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Legal Alert

California Under Stay-At-Home Order, Shutting Down Non-Essential Businesses

3.22.20

California Governor Gavin Newsom recently issued Executive Order N-33-20, requiring all Californians – except for those falling within an exception discussed below – to stay at home indefinitely. The Order carves out exceptions to maintain the continuity of 13 of the critical infrastructure sectors identified by the Cybersecurity and Infrastructure Security Agency (CISA). The State Public Health Officer also issued a list of Essential Critical Infrastructure sectors that are exempt from the Executive Order.

California’s Essential Critical Infrastructure

The State Public Health Officer has designated the following 13 sectors as Essential Critical Infrastructure and the employees in those sectors that are permitted to continue working in California:

Businesses May Also Still Have to Obey Local Orders

Businesses and organizations falling under the critical infrastructure categories need not receive special authorization from the state to continue operations. However, employers located in a county or city that has issued a local Shelter in Place (or similar) Order should consult their local order to determine whether their business or organization faces additional restrictions.  Nonetheless, it is questionable whether a local order may prohibit a business from operating that is designated as part of the federal critical infrastructure.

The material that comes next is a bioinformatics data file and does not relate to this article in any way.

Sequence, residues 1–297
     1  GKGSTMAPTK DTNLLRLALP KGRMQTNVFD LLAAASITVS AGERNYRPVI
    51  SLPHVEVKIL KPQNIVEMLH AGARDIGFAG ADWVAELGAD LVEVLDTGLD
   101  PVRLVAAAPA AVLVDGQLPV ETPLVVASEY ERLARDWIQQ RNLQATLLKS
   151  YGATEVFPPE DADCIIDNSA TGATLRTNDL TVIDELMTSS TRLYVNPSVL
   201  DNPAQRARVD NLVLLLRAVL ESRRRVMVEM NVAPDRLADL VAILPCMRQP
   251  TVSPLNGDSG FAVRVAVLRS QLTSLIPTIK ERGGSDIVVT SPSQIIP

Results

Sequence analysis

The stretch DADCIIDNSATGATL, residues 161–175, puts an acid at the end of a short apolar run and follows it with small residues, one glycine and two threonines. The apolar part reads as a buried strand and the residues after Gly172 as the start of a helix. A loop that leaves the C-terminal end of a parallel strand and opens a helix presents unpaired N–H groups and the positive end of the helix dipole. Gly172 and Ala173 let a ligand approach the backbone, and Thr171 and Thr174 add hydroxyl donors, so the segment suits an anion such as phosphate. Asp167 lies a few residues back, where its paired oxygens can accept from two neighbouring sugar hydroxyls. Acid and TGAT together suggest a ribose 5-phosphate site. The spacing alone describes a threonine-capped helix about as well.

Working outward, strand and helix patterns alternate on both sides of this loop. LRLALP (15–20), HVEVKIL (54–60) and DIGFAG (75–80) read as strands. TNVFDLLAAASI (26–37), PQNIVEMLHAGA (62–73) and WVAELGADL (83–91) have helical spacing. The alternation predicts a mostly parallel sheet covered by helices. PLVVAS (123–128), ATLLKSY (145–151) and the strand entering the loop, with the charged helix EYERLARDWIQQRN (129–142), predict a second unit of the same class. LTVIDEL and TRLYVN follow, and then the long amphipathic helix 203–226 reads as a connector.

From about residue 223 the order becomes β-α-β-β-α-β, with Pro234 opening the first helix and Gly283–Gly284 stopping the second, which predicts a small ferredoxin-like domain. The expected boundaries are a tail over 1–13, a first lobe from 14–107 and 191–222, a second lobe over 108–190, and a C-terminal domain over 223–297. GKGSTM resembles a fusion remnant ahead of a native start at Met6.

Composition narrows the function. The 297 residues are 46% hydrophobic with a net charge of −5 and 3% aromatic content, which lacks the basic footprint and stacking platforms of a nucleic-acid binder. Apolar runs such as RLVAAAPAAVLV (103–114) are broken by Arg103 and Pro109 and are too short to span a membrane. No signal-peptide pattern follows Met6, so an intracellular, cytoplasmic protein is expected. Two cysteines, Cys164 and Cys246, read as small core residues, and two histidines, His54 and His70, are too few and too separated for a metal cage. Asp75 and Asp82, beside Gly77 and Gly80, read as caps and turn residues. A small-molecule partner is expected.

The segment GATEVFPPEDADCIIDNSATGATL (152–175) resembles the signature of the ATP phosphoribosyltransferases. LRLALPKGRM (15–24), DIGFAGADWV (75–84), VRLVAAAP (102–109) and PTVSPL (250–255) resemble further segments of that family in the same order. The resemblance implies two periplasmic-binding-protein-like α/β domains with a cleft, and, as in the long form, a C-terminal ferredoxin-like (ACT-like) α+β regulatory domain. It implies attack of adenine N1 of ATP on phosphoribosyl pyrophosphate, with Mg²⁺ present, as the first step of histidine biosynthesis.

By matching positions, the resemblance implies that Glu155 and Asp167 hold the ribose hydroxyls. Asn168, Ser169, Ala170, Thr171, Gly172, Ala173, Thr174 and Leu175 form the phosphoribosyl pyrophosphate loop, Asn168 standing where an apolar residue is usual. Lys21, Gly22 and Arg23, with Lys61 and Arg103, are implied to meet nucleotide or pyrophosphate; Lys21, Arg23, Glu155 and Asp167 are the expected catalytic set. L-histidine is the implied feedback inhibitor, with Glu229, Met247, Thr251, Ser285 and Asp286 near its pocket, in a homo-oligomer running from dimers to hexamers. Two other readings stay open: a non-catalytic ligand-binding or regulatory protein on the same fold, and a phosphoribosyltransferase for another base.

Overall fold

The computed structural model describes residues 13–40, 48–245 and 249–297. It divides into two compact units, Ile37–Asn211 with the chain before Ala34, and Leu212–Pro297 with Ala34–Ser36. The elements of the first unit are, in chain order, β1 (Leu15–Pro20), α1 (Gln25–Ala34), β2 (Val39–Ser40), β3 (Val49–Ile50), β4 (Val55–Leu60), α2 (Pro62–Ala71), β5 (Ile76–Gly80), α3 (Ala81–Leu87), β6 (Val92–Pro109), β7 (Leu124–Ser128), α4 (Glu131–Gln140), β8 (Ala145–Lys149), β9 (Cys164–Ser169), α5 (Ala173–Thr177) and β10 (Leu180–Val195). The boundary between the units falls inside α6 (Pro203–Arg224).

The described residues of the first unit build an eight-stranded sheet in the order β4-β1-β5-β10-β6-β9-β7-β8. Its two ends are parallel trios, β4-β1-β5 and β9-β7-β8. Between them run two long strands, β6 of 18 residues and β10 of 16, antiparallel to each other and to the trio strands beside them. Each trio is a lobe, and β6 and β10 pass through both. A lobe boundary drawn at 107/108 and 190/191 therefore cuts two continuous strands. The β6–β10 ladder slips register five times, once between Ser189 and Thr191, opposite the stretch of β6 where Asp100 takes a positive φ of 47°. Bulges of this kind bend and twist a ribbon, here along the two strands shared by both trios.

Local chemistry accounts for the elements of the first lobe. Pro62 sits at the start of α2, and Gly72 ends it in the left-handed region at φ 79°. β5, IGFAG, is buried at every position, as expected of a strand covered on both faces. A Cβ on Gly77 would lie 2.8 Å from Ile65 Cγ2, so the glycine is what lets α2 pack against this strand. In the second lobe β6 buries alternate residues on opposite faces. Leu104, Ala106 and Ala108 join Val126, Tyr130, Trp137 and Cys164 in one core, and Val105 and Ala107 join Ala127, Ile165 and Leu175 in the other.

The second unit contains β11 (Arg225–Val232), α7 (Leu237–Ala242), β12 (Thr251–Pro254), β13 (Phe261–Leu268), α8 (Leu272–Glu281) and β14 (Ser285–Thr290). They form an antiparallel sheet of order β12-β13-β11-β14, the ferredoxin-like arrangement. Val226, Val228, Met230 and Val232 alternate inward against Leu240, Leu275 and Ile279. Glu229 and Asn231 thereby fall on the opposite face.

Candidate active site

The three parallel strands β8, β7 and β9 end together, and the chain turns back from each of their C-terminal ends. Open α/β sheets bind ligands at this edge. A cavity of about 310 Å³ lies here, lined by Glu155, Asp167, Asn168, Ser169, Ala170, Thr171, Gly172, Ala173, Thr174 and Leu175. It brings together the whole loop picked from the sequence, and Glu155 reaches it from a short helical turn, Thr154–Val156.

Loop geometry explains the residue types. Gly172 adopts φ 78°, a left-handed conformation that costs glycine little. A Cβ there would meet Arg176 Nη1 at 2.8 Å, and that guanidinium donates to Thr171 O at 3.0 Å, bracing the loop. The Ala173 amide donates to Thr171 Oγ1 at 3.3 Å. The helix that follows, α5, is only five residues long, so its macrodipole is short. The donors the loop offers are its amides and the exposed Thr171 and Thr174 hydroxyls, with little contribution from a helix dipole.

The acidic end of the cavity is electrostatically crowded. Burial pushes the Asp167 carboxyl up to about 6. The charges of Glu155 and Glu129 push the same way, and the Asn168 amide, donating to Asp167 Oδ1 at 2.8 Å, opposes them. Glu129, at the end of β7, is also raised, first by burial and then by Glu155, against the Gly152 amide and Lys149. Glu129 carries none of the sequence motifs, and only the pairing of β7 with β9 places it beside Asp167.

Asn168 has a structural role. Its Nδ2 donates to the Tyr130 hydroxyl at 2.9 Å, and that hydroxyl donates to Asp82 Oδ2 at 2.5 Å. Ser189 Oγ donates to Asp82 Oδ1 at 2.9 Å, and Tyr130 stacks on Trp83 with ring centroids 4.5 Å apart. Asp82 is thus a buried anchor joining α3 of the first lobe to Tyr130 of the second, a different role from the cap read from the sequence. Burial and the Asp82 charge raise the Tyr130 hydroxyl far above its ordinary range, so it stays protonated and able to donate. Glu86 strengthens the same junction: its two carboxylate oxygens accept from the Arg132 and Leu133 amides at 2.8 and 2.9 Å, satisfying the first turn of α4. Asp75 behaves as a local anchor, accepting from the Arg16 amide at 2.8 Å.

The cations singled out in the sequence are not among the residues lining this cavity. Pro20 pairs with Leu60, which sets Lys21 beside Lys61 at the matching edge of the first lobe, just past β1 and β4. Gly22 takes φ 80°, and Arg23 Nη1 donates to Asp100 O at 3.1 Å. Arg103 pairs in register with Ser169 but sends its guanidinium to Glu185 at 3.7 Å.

Businesses Face Serious Consequences for Failing to Comply

Persons who flout the Executive Order can face criminal prosecution for a misdemeanor punishable by up to $1,000 and/or six months imprisonment. 

In addition, California law provides other mechanisms that provide a strong incentive for businesses to comply with the Executive Order:

Conclusion

For now, we will continue to monitor the rapidly developing COVID-19 situation and provide updates as appropriate. Make sure you are subscribed to Fisher Phillips’ Alert System to get the most up-to-date information. For further information, contact your Fisher Phillips attorney, any attorney in our California offices, or any member of our COVID-19 Taskforce. You can also review our nationwide Comprehensive and Updated FAQs for Employers on the COVID-19 Coronavirus and our FP Resource Center For Employers, maintained by our Taskforce.


This Legal Alert provides an overview of a specific state law. It is not intended to be, and should not be construed as, legal advice for any particular fact situation.

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